The Raw Material
(Salmo salar) Atlantic salmon accounts for the majority of farmed salmon produced in the world, mostly coming from Norway, Canada, and Chile. Salmon farming goes to great lengths to protect the natural ecosystem from any impacts of farming. Salmon farming play an important role for developing under-developed economies around the globe. This salmon is one of the most consistent fish types with high levels of heart-healthy omega-3 fatty acids. The higher fat content makes this fish a perfect choice for hot or cold smoking.
(Oncorhynchus tshawytscha) King salmon, also referred also as Chinook salmon, is wild-caught in Alaska by trolling and gill nets. Kings are most abundant between May and August, but are available year round. This salmon is also the least abundant from the salmon wild fisheries. King salmon stays at sea much longer than its wild-salmon counterparts, up to five years, before returning to their native streams to spawn. King salmon is rich in heart-healthy omega-3 fatty acids with similar contents as Atlantic salmon. The pronounced sweet, buttery taste of Kings make it an ideal candidate for cold or hot smoking.
(Oncorhynchus kisutch) Coho salmon, also referred as Silvers, are wild-caught in the coastal waters of Alaska mostly by the troll fishery or by the net fishery. Trolling is a method of fishing where the boat drags one or more fishing lines, baited with lures or bait fish. Traditionally, coho has been part of indigenous people's diets and their sustenance for generations. Coho salmon are relatively small, averaging 5 pounds. The soft pinkish-reddish flesh of coho is leaner and softer than other species of salmon. Coho salmon is generally dry cured and cold smoked.
(Oncorhynchus nerka) Sockeye salmon are one of the smallest species of Pacific salmon. Sockeye salmon is also known as red and blueback salmon. Most sockeye salmon are harvested in Alaska with gillnets either drifted from a vessel or set with one end on at the shore. The flesh of sockeye salmon is known for its firm, lean, bright-orange color. Sockeye salmon that is smoked is generally dry cured and cold smoked.
(Oncorhynchus mykiss) Steelheads are sea-run Rainbow Trout belonging to the salmonoid family. Steelheads are both wild-caught and farmed-raised. The tender, dark/red orange flesh of Steelheads are similar to Atlantic Salmon. The nutty flavor of Steelhead is derived from its high levels of omega-3 fatty acids making this product an ideal candidate for cold smoking.
(Coregonus clupeaformis) Lake whitefish, a distant member of the trout/salmon family Salmonidae, is wild-caught in Canada and parts of the northern United States, including all of the Great Lakes. Lake whitefish can range in weight from 2-4 pounds. Their flesh is typically silver to white with a tender and moist texture, which makes it an ideal fish for hot smoking. Whitefish eggs are also considered a delicacy and typically sold as caviar. Lake whitefish has played an important role in supporting the small, family-based fisheries for several generations.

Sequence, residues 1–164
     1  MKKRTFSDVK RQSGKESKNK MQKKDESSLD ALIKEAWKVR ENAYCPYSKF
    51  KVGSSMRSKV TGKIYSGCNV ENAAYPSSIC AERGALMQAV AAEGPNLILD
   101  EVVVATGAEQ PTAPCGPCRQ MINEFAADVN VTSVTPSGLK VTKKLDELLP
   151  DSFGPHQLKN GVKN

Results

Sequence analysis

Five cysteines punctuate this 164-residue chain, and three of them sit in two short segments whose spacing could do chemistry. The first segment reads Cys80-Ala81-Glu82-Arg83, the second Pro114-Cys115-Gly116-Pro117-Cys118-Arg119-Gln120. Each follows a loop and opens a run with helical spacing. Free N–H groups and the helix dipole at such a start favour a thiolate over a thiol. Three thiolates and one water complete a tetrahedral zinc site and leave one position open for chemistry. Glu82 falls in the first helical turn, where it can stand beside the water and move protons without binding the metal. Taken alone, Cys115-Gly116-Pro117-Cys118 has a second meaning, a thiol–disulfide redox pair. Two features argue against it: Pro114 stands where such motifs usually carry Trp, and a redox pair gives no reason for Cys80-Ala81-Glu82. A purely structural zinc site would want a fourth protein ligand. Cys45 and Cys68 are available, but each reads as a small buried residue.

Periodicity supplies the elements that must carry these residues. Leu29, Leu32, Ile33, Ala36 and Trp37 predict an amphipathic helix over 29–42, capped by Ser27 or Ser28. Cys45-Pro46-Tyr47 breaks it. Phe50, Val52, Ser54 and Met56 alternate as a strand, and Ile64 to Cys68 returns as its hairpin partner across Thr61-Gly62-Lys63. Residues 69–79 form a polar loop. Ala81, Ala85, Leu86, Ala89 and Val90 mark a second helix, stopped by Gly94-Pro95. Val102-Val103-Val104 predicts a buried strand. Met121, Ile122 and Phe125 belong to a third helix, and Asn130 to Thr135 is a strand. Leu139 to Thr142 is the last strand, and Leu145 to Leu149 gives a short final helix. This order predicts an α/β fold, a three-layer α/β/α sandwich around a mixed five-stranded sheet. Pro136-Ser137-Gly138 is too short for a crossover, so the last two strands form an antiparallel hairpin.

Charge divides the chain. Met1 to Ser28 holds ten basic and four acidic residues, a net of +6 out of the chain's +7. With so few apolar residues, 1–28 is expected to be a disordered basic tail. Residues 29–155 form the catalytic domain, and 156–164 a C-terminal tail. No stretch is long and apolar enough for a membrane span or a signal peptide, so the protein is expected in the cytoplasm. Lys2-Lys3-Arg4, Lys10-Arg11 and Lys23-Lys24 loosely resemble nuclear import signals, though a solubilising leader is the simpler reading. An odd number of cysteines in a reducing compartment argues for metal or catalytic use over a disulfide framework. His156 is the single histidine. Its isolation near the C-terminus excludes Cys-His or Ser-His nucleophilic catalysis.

(Pomatomus saltatrix) Bluefish is wild-caught in a range of temperature and semi-tropical waters worldwide. Most commercial fisherman use gillnets to catch Bluefish. Sixty five percent of the allowable catch is allocated to the recreational sector. Acme's bluefish comes from near Long Island when the fish arrives during summer months after spawining in offshore waters. The firm-brownish fatty flesh is ideal for hot smoking.
(Clupea harengus) Atlantic herring is wild-caught in the cold waters of the Gulf of St. Lawrence in Canada and in the Gulf of Maine. This species of fish is the most abundant fish on the planet and can be found on both sides of the North Atlantic ocean. Atlantic herring is mostly harvested by purse seiners and mid-water trawlers. This bright-silvery small fish has an off-white firm flesh rich in heart-healthy omega-3 fatty acids. Pickled herring is a delicacy in many cuisines around the globe, especially in Scandinavian countries.
(Scomber scombrus) Atlantic mackerel, sometimes referred as Boston Mackerel is wild-caught in the northeast waters of the Atlantic ocean. Mackerels are caught in a variety of ways, including mid-water trawls, gillnets, cast nets, and hook-line fishing methods. Higher quality Atlantic mackerel are landed in the fall after the fish has spent the summer months feeding. The fish is high in heart healthy omega-3 fatty acids. The moist, light red flesh has a strong taste that is enhanced by grilling and hot smoking.
Sablefish / Black Cod
(Anaplopoma fimbria) Sablefish or commonly referred as Black Cod by gourmet chefs are found off the the North Pacific coast. This deep water fish is heavily protected in the US to ensure a sustainable harvest. The white flesh of sablefish is soft with a buttery texture and a mild flavor. The omega-3 fatty acid content is as high as wild salmon. Sablefish is commonly cold smoked to a slightly higher temperature than salmon.
(Acipenser transmontanus) Farm-raised sturgeon has become an important alternative in the efforts to protect wild sturgeon. This fish is raised in isolated tanks or ponds taking the pressure off wild fisheries and the ecosystem. Sturgeon is farm raised in California. The firm, mild, mossy, buttery, steak-like flesh is one of the unique characteristics of this fish that make it perfect for hot smoking. Sturgeon is not considered Kosher because it has skin instead of scales.
(Merluccius hubbsi) Argentine hake or also referred as merluccid hake is a fish that is wild-caught in the southwestern Atlantic Ocean. Argentine hake is a bottom-trawling fishery, which is abundant in fish stocks and sustainably sourced. The mild-tasting, white-tender flesh of whiting favorably retains the smoky aromas during hot smoking.